If you are unsure whether a corporation or LLC is right for you and your aircraft, you should talk to an aviation attorney, to get the answers you need to make an informed decision.
What happens if someone records, or threatens to record, a mechanic or artisan lien against an aircraft and the aircraft's owner believes the lien is improper? After all, once recorded, a lien is a "cloud" on the title to the aircraft and, typically, a release or a court order is required to clear the aircraft's title.
So, how does the aircraft owner dispute the lien or have it released if it has been recorded? Fortunately, several options and strategies are available for dealing with the situation.
Resolution Through Negotiation
If the dispute is about the amount of money owed, the best way for the aircraft owner to resolve the situation is to try and reach some agreement with the lien claimant regarding the amount owed. This will certainly save both parties money in the long run. If the lien claimant refuses to settle, the lien claimant will incur significant expense if he or she has to initiate a lien foreclosure action.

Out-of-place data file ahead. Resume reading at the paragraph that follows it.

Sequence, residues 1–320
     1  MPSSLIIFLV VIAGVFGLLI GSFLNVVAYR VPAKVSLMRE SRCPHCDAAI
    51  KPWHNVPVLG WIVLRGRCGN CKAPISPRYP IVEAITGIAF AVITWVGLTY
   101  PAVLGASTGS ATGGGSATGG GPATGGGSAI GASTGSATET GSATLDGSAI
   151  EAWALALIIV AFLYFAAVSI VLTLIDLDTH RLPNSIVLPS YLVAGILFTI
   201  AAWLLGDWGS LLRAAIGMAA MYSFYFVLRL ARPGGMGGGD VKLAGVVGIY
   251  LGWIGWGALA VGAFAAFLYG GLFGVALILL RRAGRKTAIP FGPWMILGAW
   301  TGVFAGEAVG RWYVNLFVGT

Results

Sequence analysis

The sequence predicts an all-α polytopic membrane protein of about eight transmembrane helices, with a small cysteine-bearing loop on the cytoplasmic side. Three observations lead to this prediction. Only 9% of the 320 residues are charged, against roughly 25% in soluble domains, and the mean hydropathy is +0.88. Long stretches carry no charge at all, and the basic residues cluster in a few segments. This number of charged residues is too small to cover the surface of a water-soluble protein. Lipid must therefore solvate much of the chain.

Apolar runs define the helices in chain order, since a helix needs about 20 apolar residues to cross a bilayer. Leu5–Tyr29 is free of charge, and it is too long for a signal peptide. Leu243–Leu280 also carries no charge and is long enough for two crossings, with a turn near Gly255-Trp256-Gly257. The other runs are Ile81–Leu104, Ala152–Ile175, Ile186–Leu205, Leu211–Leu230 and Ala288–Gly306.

Additionally, the lien claimant may also have exposure for slander of title if a court determines that the lien was improper. This could mean that the lien claimant would be required to pay not only the aircraft owner's costs and attorney's fees, but also any losses incurred by the aircraft owner if the lien prevented a sale of the aircraft or forced the aircraft owner to accept less in a sale than he or she would have in the absence of the lien.